The origins of the coconut cake are not particularly clear. However, it is widely believed to have come from African migrants in America who knew how to use the coconut for cooking purposes.
The Mauritian roots of the dish trace to the East Coast of the country. Whilst this snack isn’t as popular as before, it’s still widely available in street markets and bakeries. It’s also a dish that is cooked a lot at home and served to dinner guests.
Salty Snacks In Mauritius
A salty snack in Mauritius you can generally find among the street markets is gato crab. This is a crunchy Mauritian crab cake. Although the word ‘cake’ should be used very lightly here as this is, in fact, a deep-fried snack.
The crab is coated in plain flour and seasoned well with salt. They are then deep-fried until golden.
The crab cake is particularly a delicacy dish for Sino-Mauritian families, who tend to make Gato Crab for friends, families, and neighbors during Chinese New Year.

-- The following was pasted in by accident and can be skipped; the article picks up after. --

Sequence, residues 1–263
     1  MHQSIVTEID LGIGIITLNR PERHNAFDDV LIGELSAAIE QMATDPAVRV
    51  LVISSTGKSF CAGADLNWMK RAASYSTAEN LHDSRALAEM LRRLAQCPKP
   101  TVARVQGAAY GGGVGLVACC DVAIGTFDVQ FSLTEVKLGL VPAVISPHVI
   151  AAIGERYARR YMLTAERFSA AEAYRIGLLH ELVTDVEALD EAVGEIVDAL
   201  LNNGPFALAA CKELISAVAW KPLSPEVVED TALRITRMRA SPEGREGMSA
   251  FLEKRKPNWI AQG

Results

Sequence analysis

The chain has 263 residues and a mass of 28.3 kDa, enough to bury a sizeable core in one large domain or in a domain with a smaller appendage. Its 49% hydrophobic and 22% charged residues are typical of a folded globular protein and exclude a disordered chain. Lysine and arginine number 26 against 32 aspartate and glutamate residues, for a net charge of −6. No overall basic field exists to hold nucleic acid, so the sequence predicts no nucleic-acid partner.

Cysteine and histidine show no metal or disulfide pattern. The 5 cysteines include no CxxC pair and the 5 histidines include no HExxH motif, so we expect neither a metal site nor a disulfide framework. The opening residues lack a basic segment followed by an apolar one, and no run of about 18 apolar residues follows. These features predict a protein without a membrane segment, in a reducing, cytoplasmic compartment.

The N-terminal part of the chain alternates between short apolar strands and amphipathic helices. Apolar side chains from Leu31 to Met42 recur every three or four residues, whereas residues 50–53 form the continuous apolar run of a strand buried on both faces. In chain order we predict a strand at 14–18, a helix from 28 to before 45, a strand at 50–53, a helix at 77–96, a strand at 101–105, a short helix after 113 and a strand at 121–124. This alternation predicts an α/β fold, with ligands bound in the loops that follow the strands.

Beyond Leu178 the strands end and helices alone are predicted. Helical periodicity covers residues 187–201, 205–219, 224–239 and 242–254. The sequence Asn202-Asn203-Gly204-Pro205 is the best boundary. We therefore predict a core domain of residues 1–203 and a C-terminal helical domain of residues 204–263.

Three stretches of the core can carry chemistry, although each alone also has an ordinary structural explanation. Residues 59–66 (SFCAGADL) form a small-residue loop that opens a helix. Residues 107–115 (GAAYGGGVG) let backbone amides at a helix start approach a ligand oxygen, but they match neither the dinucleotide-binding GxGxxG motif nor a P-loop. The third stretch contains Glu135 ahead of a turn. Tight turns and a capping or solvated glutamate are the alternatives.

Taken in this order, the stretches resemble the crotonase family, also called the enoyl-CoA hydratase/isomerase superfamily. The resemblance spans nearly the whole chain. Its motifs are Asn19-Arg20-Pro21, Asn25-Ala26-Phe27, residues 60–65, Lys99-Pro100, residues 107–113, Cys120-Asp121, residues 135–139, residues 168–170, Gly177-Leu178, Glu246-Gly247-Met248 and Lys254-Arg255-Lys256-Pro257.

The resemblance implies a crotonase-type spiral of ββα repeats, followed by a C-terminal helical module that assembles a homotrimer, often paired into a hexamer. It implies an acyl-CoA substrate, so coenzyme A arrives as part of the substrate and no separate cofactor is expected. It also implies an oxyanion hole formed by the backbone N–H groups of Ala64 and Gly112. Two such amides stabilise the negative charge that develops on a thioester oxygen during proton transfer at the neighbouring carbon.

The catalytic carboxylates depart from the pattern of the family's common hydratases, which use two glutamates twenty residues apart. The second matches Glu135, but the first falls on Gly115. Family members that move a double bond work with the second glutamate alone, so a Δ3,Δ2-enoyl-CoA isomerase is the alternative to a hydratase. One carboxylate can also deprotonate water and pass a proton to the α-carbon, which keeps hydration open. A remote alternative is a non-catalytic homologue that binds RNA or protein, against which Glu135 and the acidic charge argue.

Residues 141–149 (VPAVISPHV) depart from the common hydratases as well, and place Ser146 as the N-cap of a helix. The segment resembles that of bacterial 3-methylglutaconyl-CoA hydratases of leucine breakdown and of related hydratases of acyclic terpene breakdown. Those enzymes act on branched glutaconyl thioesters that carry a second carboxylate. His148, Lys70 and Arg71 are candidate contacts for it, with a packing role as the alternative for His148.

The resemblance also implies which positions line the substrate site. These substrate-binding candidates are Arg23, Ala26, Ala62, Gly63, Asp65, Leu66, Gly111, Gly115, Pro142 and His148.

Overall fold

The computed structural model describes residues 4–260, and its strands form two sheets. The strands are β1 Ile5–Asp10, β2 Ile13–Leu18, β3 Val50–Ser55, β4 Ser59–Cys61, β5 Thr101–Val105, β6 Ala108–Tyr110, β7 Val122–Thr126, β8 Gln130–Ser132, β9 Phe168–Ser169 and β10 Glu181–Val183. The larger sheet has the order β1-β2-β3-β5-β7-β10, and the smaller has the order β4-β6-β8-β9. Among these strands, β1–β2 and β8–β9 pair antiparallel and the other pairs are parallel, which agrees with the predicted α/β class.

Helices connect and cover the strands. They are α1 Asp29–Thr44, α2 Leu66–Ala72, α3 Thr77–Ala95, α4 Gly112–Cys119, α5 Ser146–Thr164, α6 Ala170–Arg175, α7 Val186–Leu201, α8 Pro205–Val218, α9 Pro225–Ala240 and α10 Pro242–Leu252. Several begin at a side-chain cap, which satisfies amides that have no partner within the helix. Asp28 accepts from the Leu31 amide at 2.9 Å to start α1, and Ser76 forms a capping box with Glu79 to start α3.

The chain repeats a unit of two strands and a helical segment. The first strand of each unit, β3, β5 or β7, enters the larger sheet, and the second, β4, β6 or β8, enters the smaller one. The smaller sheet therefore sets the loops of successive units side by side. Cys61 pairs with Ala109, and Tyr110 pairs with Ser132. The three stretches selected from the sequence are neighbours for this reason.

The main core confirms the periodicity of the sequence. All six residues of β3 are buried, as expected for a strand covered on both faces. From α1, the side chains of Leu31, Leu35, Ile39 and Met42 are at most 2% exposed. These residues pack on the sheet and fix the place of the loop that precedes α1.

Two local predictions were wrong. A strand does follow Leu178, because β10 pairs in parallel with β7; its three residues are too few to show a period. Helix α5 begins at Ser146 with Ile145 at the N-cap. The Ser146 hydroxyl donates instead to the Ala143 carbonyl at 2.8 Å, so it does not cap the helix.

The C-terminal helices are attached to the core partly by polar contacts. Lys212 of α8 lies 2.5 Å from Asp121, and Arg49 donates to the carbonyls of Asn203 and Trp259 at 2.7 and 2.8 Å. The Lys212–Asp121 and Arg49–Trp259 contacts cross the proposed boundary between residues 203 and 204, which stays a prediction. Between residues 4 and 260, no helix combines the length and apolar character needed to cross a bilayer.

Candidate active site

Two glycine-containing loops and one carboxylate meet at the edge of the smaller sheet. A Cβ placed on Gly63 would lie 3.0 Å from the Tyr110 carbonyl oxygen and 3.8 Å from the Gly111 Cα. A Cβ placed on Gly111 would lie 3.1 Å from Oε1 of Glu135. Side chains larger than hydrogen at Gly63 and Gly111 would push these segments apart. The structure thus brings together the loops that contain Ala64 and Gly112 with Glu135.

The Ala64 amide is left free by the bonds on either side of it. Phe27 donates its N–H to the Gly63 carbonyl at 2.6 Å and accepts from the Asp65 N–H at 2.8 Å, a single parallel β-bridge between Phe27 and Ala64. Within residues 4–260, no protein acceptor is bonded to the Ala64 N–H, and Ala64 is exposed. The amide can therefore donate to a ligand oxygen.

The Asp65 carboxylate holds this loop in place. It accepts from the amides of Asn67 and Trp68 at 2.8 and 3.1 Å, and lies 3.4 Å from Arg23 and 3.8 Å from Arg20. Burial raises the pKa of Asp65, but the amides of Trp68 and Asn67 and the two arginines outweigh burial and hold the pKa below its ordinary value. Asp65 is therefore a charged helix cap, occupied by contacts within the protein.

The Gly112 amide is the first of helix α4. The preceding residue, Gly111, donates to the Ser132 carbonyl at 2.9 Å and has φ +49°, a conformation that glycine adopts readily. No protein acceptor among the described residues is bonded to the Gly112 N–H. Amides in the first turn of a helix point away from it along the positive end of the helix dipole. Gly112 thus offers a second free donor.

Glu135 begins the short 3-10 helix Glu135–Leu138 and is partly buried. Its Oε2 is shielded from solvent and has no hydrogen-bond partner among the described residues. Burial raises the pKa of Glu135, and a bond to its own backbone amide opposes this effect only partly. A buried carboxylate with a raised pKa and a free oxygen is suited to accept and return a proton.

Du Pain Frire
Traditional Mauritian cuisine includes a lot of deep-fried savory, salty snacks. A deep-fried snack in Mauritius usually falls under the umbrella term of ‘gajak.’
The Du Pain Frire is essentially deep-fried bread slices paired with tomato and coriander chutney. This is a dish that locals will often have for breakfast or as an afternoon snack.
The batter of the bread holds the flavors of the dish with notes of onion, garlic, and salt. A rumored secret to creating the perfect du pain frire is to use slightly older bread than new ones for better flavor!
Bringele Frire is also known as ‘eggplant fritters’. They are made by slicing eggplant and rolling them up in gram flour, herbs, onion, garlic, and chili.
Eggplant can have a bitter aftertaste so a generous pinch of sea salt in the batter is always a good counteract. There is a similar variation of the dish that is made with sliced peppers.